Things We Find in the Dark


The above is a page from a book that exists in a TTRPG universe. It’s perhaps of moderate interest to the current player group but no one else, unless they just want nightmares. It was not handed out last session. Same goes for the second image which is a handout, but was not handed out. That’s the theme of todays blog.

There’s been an ongoing discussion between myself and several beta groups about player handouts. Some of them may not have been talking about handouts specifically, but it was the general concept of how much information is given to the players written down, versus how much they should remember or write down themselves if need be.

TLDR: It depends on the adventure you are playing and the players you are playing with. If that’s a good enough answer for you then thanks for stopping by and I hope I’ve got something more interesting for you next time…

For those of you who are super nerdy like me and into this stuff, I’ll try and skip across the surface level of the main arguments in a way that is unsatisfying and non-conclusive so that you can argue about it amongst yourselves. Glad you’re still hear, enjoy your hate reading.


When solving a mystery, a large majority of players wanted to have handouts for physical things or important notes or evidence, but absolutely refused the idea of handouts for rumours or snippets of information they had heard/seen. They instead wanted to either write it down, or just remember it.  the main argument against handouts for information you gain is that it changes the mystery into a collection quest. In the same manner that a lot of video game RPGs have you collect the right evidence and then the proper dialog appears, without the players ever putting 2 and 2 together… or as I’ve been guilty of, even bothering to the read the dialog. You can only deal with so much bloated drivel before tuning out… hmm. Should I be self-aware here…naaaah.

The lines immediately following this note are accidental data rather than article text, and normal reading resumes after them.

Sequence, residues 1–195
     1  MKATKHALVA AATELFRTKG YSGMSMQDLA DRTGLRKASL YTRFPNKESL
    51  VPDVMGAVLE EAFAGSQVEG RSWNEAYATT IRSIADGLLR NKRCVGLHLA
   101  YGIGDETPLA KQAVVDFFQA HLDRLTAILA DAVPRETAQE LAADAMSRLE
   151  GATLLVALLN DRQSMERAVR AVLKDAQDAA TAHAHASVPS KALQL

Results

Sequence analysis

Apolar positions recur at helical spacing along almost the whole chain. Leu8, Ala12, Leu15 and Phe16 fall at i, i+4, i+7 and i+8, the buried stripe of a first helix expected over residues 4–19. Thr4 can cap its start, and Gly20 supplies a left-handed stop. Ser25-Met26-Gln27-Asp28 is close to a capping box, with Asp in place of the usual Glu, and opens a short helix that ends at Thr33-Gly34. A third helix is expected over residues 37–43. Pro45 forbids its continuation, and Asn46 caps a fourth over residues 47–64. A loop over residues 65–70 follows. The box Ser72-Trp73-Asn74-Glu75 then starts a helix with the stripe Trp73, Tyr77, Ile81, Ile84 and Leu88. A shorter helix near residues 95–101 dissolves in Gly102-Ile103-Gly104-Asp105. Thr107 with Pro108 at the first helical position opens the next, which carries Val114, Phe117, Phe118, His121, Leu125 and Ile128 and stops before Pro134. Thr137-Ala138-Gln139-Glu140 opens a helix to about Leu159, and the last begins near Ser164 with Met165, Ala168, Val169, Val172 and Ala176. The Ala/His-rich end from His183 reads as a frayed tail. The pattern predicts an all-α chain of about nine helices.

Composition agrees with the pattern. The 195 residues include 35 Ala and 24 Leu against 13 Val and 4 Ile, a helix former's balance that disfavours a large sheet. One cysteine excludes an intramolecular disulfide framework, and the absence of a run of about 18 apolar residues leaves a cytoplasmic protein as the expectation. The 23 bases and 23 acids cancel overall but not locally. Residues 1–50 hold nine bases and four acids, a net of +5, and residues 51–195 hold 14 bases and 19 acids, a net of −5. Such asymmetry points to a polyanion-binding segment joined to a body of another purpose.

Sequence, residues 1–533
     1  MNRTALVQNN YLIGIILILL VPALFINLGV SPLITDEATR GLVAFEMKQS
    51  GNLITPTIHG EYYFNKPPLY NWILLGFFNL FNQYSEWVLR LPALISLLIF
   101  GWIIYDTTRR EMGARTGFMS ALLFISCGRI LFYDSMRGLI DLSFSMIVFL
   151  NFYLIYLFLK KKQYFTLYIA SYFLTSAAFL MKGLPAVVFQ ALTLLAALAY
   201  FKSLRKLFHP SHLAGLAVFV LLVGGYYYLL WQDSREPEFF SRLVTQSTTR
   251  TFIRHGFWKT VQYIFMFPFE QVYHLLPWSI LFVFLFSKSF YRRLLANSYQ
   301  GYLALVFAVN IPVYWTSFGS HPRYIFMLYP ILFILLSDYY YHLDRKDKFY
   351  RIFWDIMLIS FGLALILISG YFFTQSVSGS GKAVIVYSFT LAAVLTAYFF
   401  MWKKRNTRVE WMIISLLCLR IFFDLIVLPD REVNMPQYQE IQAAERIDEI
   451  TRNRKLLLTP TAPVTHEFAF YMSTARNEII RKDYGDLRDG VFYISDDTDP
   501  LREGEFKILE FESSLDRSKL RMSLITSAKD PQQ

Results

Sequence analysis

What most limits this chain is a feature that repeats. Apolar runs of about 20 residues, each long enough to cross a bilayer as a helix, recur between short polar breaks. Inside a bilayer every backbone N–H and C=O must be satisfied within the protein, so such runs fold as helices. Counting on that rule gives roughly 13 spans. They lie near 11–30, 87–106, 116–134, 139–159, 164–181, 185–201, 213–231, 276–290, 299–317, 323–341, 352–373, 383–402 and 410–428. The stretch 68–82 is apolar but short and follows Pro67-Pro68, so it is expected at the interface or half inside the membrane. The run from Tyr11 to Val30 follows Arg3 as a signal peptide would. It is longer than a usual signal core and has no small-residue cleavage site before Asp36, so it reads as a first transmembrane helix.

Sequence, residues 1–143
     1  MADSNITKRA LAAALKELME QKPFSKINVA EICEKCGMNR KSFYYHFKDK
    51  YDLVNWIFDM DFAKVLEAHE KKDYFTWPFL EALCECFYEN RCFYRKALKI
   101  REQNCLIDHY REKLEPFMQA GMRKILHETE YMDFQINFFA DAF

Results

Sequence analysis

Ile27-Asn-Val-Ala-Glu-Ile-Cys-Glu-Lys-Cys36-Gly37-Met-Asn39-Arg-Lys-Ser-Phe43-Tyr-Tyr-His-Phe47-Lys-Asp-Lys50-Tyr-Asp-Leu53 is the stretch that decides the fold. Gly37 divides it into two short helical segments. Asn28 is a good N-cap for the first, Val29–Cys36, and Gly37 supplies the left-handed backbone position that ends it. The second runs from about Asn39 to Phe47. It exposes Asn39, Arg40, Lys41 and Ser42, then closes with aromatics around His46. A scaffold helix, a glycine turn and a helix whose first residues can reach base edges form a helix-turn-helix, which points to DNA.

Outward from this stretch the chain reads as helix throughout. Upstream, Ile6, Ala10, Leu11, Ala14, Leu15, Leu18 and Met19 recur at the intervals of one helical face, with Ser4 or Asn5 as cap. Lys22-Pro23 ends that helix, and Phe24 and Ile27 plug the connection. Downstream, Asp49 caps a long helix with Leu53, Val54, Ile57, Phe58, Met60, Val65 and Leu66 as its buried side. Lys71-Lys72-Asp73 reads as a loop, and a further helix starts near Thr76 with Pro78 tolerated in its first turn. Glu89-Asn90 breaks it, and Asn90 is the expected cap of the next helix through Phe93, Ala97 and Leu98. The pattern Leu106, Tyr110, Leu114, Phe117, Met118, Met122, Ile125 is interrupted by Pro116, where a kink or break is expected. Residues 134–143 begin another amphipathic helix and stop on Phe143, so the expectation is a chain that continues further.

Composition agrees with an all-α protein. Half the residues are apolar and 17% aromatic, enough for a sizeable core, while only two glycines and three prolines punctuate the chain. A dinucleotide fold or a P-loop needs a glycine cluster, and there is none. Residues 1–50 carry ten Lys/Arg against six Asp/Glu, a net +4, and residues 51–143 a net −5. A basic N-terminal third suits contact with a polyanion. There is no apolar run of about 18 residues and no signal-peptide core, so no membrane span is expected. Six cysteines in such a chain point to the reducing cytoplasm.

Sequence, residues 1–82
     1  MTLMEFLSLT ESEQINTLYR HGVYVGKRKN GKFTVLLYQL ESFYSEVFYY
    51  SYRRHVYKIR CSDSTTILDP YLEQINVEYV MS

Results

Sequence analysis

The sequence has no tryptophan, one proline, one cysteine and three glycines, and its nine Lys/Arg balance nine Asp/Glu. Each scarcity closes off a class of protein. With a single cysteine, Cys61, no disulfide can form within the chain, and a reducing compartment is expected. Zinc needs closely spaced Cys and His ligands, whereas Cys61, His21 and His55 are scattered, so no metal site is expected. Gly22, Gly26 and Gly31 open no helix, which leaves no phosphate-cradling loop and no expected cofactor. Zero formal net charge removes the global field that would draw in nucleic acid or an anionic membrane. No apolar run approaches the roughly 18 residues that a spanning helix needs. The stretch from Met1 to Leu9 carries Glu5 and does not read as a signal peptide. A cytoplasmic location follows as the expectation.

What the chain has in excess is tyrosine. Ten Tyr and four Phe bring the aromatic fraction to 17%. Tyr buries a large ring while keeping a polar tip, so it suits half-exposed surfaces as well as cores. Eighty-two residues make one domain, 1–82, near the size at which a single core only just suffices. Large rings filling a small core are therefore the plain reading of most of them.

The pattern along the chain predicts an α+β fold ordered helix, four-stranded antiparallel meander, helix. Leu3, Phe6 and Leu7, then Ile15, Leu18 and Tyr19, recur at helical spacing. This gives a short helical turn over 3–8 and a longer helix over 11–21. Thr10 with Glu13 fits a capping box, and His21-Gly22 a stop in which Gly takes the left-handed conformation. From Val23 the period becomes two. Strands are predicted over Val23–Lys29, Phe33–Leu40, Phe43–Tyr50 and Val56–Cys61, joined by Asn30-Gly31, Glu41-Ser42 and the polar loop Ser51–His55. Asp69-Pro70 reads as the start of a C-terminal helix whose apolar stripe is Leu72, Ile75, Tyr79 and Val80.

The counter argument to this is that play sessions can often be a week, or even a month apart, and it’s hard for players to retain everything about a game when they have other things in their lives to deal with between times: the kind involving real world consequences. Many experienced DM’s may poopoo this because that is the whole point of the recap in a complex campaign, but I’d argue not everyone does a recap, and with a complex campaign it still needs the DM to have taken notes or have a very good memory in case there are conflicts between the players as to what actually happened. (Notes go a long way to help that)

The second area this comes up is, ‘things the players character would know’, and you could give out a handout for that in some circumstances. However, if you are giving a player a large sheet of pre-game reading, chances are you’ve already put them off the game and I think most DM’s can tell you a story or 500 of giving something to a player and them just not reading it. The argument against this is that the DM can always butt in and say “Your character already knows X about Y” when it is appropriate. This lets the player build up their character and the world lore as the game progresses… I shouldn’t have mentioned world lore. Discussing world lore is a whole different topic that has been covered by far beardier DM’s than me, so I won’t get into it.

Right! Unless someone has questions or wants to add to the discussion, that’s as much as I’m publicly saying on the matter of handouts. You may leave. Remember to always use social media responsibly because it’s full of children, and some of those are also young people. Bye for now.